Table 1. In vitro and in vivo studies using different nanocarriers for enhanced topical delivery of flavonoids to the skin.
    Flavonoid Nanoformulation Skin Model Therapeutic Application Ref.
    Quercetin Solid lipid
    Human skin Delay UVB radiation-mediated cell damage and necrosis [30]
    Non-ionic emulsion with high lipid content Pig ear skin Inhibition of UVB-induced cutaneous oxidative stress and inflammation [4]
    Anionic emulsion with low lipid content Pig ear skin Inhibition of UVB-induced cutaneous oxidative stress and inflammation [4]
    Lecithin-chitosan nanoparticles Male Kunming mice Topical delivery system with a wide range of applications [28]
    Lipid microparticles n.a. Enhance quercetin stability in topical formulations [27]
    Colloidal silica
    Human skin Optimization of a formulation with enhance penetration into human SC [48]
    Chitosan nanoparticles HaCaT cells Potential therapeutic agent for topical use against UVB radiation [29]
    Penetration Enhancer containing Vesicles (PEVs) New born pig skin New formulation for dermal delivery of quercetin, with various therapeutic applications [31]
    Polylactide nanocapsules; Multilamellar liposomes; Niosomes Subcutaneous injection in amistogote-infected hamsters Antileishmanial agent [3][49]
    Liposomes with penetration enhancing vesicles (PEV) Female CD-1 mice Anti-inflammatory agent [5][49]
    Lipid nanocapsules Acute monocytic leukemia cell line (THP1–1 cell) Antioxidant, anti-inflammatory agent [5][50]
    Nanoparticle suspension Mice Antioxidant agent [5][41]
    Catechins Multilamellar phosphatidylcholine-liposomes Female nude mouse (Balb/c-nu, 6–8 weeks old) Use of liposomes for the local delivery, including skin and tumor deposition, of polyphenols [3][43]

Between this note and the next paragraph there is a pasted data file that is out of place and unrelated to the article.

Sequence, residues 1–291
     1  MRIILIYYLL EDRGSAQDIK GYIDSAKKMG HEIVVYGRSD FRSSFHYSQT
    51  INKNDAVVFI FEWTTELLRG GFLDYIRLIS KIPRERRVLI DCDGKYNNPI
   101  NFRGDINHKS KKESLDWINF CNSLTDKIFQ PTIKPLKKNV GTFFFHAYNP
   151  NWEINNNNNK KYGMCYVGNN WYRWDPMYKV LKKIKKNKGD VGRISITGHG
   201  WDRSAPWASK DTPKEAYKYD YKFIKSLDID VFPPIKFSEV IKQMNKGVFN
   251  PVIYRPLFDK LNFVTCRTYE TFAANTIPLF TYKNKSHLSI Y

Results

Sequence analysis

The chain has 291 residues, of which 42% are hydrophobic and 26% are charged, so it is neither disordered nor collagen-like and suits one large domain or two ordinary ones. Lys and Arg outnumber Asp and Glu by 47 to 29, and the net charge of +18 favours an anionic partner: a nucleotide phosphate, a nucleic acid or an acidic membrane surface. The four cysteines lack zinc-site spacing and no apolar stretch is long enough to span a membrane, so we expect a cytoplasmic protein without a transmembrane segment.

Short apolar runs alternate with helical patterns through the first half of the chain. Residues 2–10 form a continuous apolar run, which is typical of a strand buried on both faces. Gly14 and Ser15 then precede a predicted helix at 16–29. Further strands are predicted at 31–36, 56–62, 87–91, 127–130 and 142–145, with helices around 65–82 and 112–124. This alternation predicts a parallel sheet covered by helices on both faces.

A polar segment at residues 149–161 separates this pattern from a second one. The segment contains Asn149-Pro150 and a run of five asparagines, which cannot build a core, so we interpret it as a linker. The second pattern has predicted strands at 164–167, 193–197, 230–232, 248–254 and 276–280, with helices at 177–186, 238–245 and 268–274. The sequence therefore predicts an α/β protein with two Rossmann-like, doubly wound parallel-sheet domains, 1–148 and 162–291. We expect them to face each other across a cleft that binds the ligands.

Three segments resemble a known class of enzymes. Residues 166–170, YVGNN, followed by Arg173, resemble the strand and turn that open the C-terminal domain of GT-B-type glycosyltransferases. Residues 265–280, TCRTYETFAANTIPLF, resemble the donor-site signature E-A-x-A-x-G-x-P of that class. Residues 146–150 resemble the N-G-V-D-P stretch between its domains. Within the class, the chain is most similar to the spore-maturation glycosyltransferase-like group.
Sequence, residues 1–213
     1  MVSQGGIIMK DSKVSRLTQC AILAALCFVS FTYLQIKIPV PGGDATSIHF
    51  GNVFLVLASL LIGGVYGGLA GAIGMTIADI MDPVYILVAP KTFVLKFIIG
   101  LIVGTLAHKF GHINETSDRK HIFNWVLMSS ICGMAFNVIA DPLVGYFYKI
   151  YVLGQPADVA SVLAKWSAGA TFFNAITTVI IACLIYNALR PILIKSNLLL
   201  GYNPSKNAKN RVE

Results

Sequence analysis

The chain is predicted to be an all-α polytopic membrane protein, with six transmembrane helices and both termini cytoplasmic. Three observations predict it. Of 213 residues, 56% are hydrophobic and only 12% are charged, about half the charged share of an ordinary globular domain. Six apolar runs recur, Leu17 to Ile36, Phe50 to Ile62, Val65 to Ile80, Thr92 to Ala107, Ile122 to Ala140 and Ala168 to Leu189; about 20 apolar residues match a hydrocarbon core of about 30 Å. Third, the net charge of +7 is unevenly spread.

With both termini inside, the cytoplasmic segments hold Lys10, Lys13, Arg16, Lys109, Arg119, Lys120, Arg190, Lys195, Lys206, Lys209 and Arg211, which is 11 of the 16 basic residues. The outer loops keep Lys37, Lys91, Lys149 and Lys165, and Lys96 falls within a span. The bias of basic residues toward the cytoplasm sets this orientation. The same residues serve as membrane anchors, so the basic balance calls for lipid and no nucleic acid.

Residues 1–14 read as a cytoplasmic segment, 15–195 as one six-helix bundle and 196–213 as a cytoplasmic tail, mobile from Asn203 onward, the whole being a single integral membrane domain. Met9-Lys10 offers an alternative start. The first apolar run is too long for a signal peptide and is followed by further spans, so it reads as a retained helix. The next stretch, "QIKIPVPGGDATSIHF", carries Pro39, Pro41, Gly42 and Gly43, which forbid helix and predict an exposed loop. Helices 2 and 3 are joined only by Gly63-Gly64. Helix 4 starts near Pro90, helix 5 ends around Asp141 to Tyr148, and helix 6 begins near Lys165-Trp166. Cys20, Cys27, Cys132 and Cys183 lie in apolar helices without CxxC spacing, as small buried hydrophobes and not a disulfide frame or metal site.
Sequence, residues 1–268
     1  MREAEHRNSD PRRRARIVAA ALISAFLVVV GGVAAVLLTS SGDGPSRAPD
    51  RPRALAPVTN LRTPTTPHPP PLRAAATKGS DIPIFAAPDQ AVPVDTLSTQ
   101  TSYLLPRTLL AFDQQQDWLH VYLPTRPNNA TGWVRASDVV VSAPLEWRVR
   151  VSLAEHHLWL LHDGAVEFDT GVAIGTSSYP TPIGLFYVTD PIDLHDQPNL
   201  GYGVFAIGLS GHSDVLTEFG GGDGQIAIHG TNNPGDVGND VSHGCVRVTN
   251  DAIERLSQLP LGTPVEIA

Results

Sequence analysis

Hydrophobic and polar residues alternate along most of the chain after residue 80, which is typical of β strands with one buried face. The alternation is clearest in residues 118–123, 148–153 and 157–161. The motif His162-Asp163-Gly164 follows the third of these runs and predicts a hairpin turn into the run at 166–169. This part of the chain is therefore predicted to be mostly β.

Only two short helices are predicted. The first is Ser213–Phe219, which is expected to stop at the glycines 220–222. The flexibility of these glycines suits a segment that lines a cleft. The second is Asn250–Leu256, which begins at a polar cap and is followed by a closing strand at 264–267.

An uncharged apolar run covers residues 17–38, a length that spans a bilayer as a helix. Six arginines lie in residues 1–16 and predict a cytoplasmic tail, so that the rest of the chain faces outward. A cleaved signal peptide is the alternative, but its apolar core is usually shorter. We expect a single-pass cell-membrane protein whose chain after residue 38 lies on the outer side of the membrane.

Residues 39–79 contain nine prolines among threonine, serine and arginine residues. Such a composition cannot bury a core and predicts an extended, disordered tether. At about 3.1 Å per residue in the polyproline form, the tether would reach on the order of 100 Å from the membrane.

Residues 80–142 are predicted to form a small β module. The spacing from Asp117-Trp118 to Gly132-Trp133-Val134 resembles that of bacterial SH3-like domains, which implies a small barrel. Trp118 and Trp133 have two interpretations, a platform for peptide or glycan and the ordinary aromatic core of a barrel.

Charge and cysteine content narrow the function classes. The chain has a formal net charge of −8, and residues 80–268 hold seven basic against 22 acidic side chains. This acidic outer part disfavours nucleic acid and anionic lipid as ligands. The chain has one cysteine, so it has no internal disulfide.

Ethanol enriched liposomes Female nude mouse (Balb/c-nu, 6–8 week) Antioxidant and chemopreventive activity [44]
    Cream Iranian rabbits Wound healing effect [5][51]
    Tansfersomes containing EGCG and hyaluronic acid (HA) HaCaT cells Synergize the UV radiation-protective ability of EGCG and HA along with imparting antioxidant and antiaging effects [5][42]
    Genistein Nanoemulsion Pig ear skin New formulation for dermal delivery of genistein, with various therapeutic applications [3][52]
    Kaempferol Submicron emulsions Sprague Dawley rat Promising vehicle for topical kaempferol application [33]
    Resveratrol Solid lipid
    Porcine skin Protection from photodegradation [53]
    Resveratrol + curcumin Lipid-core
    Human skin Increase skin delivery of resveratrol [54]
    Niosomes Cell rabbit skin Increase skin delivery of resveratrol
    Increased antioxidant activity
    Hesperetin, hesperidin Microemulsion Guinea pigs Whitening effect [5][56]
    Topical matrix film Albino rabbits Release of hesperetin in posterior of eye [5][57]
    Microemulsion based ointment Wistar rats Skin irritation [5][58]
    Naringenin Gel HRS/J mice Antioxidant and anti-inflammatory agent [5][54]
    Nanoparticles Wistar rats Photoprotective, antioxidant agent [5][54]
    Apigenin Phospholipid phytosomes Albino rats Antioxidant agent [5][59]
    Ethosomes Konmin mice Anti-inflammatory agent [5][60]
    Anthocyanin Niosome gel Male Wistar rats Anti-inflammatory agent [5][61]
    Luteolin Luteolin in olive oil ICR mice Anti-inflammatory agent [5][62]
    Luteolin-loaded niosomes/Niosomal transgel Albino Wistar rats Treatment of arthritis [40]
    Nanoemulsion C57BL/6 mice Growth promoting effect [41]


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      Lima, S.; Gameiro, P.; Reis, S. Cutaneous Flavonoid Delivery System. Encyclopedia. Available online: (accessed on 07 February 2023).
      Lima S, Gameiro P, Reis S. Cutaneous Flavonoid Delivery System. Encyclopedia. Available at: Accessed February 07, 2023.
      Lima, Sofia, Paula Gameiro, Salette Reis. "Cutaneous Flavonoid Delivery System," Encyclopedia, (accessed February 07, 2023).
      Lima, S., Gameiro, P., & Reis, S. (2022, April 21). Cutaneous Flavonoid Delivery System. In Encyclopedia.
      Lima, Sofia, et al. ''Cutaneous Flavonoid Delivery System.'' Encyclopedia. Web. 21 April, 2022.